Stress Urinary Incontinence is the medical term for the involuntary loss of urine that occurs in some women when they laugh, cough, sneeze, or exercise. For many women, this is a daily problem that often gets ignored or tacitly accepted. Stress Urinary Incontinence, or in more simple terms, leaking pee, is the result of stress placed upon the bladder caused by activity. Weaker pelvic and sphincter muscles adding to the sudden pressure placed upon the bladder can lead to leakage. The unspoken acceptance of this condition might result from the thought pattern some women have of simply “dealing with it,” for lack of a better term. “I had big babies,” “I’m getting older,” or “I’ve been leaking for years,” may be some of the reasons women find themselves quietly accepting this condition and not reporting their symptoms to a health care provider.

Today, the term “stress” is often associated with emotional burdens. In regards to the condition of Stress Urinary Incontinence, this particular stress is purely physical. Emotional issues, financial burdens, and other problems people associate with the stressors faced today likely won’t cause a woman to leak urine.

Susie of Waterford recently recounted a story in which she ended up leaking urine while running to catch a connecting flight in a busy airport. The strain placed upon her bladder while dashing to catch her flight made for a pretty uncomfortable journey home! While Susie wasn’t running a marathon, female athletes, who are in great physical condition, can also experience stress urinary incontinence during physical activity.

Past treatments for Stress Urinary Incontinence have included medication, behavioral therapy, and pelvic floor exercises, which most of us can agree rarely get done. Here in New London, there is a clinical trial underway to test an investigational device designed to stop urine leaks. The disposable device is not a medication and can be inserted and removed by the user. The clinical study is being conducted at 342 Montauk Avenue in New London by Timothy Barczak, MD. Those interested in the trial can learn more by calling 860-443-3700.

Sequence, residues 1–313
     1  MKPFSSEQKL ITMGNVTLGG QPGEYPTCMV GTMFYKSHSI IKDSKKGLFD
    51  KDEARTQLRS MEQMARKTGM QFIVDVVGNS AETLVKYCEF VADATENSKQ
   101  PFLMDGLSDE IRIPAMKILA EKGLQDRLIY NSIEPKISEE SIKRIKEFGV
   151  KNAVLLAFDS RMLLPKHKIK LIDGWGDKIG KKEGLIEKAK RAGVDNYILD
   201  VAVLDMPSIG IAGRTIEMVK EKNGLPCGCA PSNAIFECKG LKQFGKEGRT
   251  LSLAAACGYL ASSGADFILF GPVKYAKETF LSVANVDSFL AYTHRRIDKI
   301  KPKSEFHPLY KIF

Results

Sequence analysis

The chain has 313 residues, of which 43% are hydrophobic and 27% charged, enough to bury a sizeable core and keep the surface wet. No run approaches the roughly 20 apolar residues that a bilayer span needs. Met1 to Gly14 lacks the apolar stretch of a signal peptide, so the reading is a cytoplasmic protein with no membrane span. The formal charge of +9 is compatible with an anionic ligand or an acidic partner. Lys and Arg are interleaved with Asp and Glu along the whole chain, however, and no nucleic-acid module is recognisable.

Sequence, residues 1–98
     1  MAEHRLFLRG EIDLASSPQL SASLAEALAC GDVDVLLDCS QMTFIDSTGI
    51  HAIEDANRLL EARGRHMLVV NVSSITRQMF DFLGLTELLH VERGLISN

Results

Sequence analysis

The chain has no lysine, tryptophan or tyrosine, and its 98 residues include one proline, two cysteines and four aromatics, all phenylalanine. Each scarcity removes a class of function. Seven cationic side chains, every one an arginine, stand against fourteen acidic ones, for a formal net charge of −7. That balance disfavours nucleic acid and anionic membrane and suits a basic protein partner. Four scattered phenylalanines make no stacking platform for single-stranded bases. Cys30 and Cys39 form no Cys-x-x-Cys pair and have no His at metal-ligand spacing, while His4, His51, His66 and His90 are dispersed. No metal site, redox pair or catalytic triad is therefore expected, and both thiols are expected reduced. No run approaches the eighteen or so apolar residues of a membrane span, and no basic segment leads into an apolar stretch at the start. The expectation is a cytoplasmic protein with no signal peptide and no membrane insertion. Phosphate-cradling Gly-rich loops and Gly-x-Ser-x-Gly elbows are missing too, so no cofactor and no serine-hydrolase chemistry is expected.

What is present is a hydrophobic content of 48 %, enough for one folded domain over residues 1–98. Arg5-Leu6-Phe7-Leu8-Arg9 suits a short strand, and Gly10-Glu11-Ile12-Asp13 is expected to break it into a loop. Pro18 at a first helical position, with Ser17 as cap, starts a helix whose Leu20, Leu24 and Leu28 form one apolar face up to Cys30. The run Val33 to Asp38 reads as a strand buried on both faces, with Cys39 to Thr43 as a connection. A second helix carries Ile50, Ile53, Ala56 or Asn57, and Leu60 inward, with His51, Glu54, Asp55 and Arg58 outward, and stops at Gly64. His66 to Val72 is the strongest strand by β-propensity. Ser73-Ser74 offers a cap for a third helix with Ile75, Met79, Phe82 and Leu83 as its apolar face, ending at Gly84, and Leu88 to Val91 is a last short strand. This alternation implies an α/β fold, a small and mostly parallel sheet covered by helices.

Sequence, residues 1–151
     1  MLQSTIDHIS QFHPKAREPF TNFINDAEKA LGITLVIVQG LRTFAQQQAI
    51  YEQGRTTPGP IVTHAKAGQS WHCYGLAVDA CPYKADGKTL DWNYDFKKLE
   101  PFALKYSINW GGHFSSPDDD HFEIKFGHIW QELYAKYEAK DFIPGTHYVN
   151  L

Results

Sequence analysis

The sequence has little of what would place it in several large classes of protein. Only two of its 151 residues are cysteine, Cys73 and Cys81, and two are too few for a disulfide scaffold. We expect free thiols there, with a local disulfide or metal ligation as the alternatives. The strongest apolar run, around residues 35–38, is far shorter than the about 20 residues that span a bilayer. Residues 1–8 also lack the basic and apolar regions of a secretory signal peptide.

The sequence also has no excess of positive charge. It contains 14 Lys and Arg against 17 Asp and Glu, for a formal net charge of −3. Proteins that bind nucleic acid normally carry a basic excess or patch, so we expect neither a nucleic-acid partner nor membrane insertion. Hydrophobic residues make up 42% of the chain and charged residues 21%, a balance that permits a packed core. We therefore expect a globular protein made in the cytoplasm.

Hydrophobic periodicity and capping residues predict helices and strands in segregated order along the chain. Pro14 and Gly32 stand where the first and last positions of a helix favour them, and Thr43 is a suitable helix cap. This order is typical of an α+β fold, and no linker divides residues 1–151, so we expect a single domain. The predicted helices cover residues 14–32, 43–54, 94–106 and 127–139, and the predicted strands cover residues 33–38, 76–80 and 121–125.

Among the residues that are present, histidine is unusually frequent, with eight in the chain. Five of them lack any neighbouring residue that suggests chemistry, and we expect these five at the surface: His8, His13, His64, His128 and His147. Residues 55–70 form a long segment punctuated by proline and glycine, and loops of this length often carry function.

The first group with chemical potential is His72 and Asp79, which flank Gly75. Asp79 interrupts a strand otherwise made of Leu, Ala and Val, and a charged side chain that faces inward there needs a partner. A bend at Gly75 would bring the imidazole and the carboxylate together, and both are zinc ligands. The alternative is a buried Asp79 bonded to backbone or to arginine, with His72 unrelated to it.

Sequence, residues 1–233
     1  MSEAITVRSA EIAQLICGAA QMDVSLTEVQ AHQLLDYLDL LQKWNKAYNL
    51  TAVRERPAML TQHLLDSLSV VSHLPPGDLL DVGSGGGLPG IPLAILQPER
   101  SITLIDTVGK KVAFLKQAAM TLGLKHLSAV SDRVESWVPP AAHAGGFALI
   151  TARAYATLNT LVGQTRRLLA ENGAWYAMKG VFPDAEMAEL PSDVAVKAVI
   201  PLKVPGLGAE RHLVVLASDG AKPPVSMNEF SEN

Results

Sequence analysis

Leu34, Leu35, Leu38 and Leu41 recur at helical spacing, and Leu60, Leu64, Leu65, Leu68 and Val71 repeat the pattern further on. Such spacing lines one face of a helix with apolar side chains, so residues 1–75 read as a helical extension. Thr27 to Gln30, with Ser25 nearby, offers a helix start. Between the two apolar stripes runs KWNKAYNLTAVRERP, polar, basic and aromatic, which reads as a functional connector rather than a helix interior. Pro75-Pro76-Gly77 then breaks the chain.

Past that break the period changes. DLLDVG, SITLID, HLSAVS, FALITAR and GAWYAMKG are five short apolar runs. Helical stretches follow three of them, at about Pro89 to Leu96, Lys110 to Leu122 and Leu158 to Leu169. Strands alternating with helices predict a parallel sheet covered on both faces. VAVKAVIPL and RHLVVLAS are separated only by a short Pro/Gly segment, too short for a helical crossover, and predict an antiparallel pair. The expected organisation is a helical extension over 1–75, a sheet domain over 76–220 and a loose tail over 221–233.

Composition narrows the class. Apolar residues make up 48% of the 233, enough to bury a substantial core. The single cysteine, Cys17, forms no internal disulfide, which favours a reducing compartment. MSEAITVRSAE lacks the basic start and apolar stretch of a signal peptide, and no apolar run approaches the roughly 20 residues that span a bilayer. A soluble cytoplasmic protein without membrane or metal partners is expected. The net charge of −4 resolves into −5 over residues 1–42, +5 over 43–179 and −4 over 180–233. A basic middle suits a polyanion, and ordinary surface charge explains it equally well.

The community educators at CCRstudies in New London are available to visit your community group to share further information about Stress Urinary Incontinence. Call 860-443-4567 to start the discussion!

Hot Flashes

Wednesday, July 16th, 2014

Can’t Stand Your Hot Flashes?

Participation in The Hot Flash Study could lead to a new treatment for this condition and increased understanding of hot flashes in postmenopausal women.

Study related medical care provided at no cost and reimbursement is available for time and travel.  See if you are eligible today!  Call CCRstudies at (860)443-4567. Study gynecologists include Robert M. Spitz, MD and Craig E. McKnight MD, PhD.

Total reimbursement available for time and travel up to $525 for this 12-week study.


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Overactive Bladder Study Coming in July

Thursday, June 26th, 2014

If you feel like your frequent and sudden urges to urinate are not the norm, you may be suffering from an overactive bladder.

According to the Mayo Clinic, you may have an overactive bladder if you:

  • Feel a sudden urge to urinate that’s difficult to control
  • Experience urge incontinence — the involuntary loss of urine immediately following an urgent need to urinate
  • Urinate frequently, usually eight or more times in 24 hours
  • Awaken two or more times in the night to urinate (nocturia)

CCRStudies in New London has just been awarded an overactive bladder clinical trial that will begin in July of 2014, led by Dr. Robert Spitz. Further information on the study will be posted on the CCRStudies website at Those who might be eligible to participate in the clinical trial can call CCRStudies at 860-443-4567.